When creating an untethered overseas life, you have to find ways to stay in touch “back home.” Of course you’ll want to talk with friends and family. You also need inexpensive and reliable ways to communicate with clients and take care of personal business in your home country.
Banking, credit card and shopping sites all provide useful portals, but many of them won’t talk to a computer that’s logging in from another country.
A free program called Hotspot Shield might be your solution.
Hotspot Shield was designed to protect you from cyber snooping in WiFi cafes and the like. It creates a VPN (virtual private network) tunnel between your laptop and a router at a WiFi hot spot. This protects your data. (It works with wired connections as well.) The program promises “private, secure and complete access” to the World Wide Web.
It also can allow you total access to sites (like your bank’s website) that might block sign-ins from a foreign network.
I’m writing this from a US perspective. There’s also a version, called Expat Shield, available for UK residents abroad.
A similar service, although I’m told it’s generally too slow to use for telephone applications, is Tor.
It Gives You Unfettered Access
I regularly use several websites that I might have trouble accessing from abroad. These include my bank and several shopping sites like Amazon.com.
When my daughter was in France last year, she was a bit frustrated when Google.com automatically redirected her to Google.fr.
I also use the Google Voice service. This is a free application which gives you an actual US phone number in the area code of your choice, allowing you to receive incoming calls at no charge. It’s got lots of nifty features and I use it quite a lot. You can set it up to:
- forward calls to a land line in the US or Canada
- forward calls to a cell phone
- forward calls to both at the same time
- screen your calls
- record voice mail, which you can play back on one of your phone devices or your computer or read as an email
You can place calls using Google Voice as well. Combined with the Google Call feature now available through GMail, making and receiving calls — for free — is a breeze. You can call anywhere in the US or Canada at no charge. International calls are billed at inexpensive rates (around two cents per minute).
Only trouble is, you can’t use Google Voice outside the US.
Unless you combine it with Hotspot Shield. Then, because Google can’t identify where your computer is hooked up, you’ll still have access.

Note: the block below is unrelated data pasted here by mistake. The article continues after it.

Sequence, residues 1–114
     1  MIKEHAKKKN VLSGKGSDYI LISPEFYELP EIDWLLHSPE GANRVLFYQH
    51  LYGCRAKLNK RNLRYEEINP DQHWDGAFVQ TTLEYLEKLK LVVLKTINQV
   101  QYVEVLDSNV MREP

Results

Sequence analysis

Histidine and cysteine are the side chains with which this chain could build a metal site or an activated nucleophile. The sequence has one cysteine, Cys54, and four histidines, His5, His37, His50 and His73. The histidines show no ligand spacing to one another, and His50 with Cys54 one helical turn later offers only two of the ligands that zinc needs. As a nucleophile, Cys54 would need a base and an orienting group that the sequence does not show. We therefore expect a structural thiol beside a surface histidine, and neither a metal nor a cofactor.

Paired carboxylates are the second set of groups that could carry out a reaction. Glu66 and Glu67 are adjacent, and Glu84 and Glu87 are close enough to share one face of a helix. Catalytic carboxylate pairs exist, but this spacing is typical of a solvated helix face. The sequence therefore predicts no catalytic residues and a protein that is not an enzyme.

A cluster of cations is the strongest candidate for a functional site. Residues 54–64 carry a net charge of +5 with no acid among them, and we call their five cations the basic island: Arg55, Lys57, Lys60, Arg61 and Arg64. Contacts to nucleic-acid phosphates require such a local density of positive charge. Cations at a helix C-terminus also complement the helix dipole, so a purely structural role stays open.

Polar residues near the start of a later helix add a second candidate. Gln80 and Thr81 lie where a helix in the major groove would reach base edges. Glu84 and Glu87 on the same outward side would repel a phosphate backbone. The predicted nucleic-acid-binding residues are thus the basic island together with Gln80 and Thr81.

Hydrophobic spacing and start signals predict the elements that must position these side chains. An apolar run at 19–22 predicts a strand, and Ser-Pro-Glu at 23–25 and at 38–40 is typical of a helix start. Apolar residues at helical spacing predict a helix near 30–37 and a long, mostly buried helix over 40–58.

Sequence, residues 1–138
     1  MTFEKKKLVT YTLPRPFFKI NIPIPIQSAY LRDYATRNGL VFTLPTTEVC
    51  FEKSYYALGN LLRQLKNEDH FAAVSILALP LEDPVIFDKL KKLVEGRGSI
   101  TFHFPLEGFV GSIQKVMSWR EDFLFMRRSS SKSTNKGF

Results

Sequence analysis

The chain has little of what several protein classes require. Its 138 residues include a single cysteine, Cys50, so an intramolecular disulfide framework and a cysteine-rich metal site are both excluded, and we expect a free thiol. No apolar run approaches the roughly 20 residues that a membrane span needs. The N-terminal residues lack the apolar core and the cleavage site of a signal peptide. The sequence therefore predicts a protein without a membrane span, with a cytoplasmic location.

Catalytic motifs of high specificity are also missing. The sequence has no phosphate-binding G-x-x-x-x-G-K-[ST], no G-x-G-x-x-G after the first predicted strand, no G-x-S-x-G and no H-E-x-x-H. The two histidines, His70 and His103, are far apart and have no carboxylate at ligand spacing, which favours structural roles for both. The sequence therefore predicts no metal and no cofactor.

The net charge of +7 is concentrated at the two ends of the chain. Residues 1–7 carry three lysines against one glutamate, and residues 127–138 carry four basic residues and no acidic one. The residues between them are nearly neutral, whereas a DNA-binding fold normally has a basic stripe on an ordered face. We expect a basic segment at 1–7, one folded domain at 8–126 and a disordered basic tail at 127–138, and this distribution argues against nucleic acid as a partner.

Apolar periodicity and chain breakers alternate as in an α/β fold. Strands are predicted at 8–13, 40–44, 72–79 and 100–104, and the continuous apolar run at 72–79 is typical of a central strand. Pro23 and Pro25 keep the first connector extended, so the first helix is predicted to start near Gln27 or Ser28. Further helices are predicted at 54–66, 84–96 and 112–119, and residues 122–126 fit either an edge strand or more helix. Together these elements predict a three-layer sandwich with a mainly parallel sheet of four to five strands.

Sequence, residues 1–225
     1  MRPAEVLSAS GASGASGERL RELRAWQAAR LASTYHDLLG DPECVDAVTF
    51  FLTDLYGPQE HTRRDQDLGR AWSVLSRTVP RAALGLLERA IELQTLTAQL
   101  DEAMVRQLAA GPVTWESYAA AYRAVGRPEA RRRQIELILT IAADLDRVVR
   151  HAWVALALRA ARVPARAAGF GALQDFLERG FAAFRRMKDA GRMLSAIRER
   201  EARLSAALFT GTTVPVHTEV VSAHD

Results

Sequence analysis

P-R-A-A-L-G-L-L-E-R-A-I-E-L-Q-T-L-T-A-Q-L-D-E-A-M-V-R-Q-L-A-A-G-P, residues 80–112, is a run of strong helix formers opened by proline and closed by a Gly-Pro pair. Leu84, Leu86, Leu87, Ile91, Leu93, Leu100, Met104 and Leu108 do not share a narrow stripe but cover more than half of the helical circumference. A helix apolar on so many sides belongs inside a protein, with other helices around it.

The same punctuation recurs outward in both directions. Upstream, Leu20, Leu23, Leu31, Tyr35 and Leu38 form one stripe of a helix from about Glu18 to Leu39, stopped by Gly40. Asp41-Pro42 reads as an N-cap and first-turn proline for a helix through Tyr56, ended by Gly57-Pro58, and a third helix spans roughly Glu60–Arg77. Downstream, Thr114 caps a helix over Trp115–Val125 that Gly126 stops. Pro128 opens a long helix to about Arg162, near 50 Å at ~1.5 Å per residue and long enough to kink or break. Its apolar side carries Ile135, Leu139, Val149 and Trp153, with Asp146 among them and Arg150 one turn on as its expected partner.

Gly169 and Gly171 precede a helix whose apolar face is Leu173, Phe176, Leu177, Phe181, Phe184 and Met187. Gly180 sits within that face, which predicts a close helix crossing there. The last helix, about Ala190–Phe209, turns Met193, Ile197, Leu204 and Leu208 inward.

Ditto with other sites.
With Hotspot Shield in place, I can still shop on Amazon and have goods shipped to a US address. I can continue using Google Voice. I can log into my bank’s website. And I’m protected from snoops.
What more could an expat want?
Have you used Hotspot Shield? What do you like or not like about it?
Has anyone who is abroad been successful using this software to access streaming audio or video from a website that blocks locations outside of the US from using it?
Good question, Julie, and one I’m anxious to get the answer to as well. When I visit Panama this spring I intend to try it out, including checking whether I can stream video from Netflix while I’m there. . .
marianney | A Life Set Free says
I had not heard of this before but it seems to be a very useful tool and my fiance were discussing the downfall of not being able to use Google Voice abroad. Thanks for sharing this Susanna. I looked it up on CNET’s download.com and the review was ok (concerns about banner ads and connection) but it was also the most downloaded Encryption Software downloads.
Marianne, I hope to have more hands-on practical information about it after my trip to Panama in the spring. I’ll definitely be reporting back on this one!
Alex Shaka says
I have been able to use HotSpot Shield to make calls from Gmail to the U.S. from Uganda successfully for a couple of weeks, that is, until two days ago. I think Google has me fixed for now. Sigh! Still trying to figure out a way around it.
Alex, thanks for posting. Let us know how it works out. I’m going to be trying it out in a couple of months myself, but any and all input from the “field” would be helpful. 🙂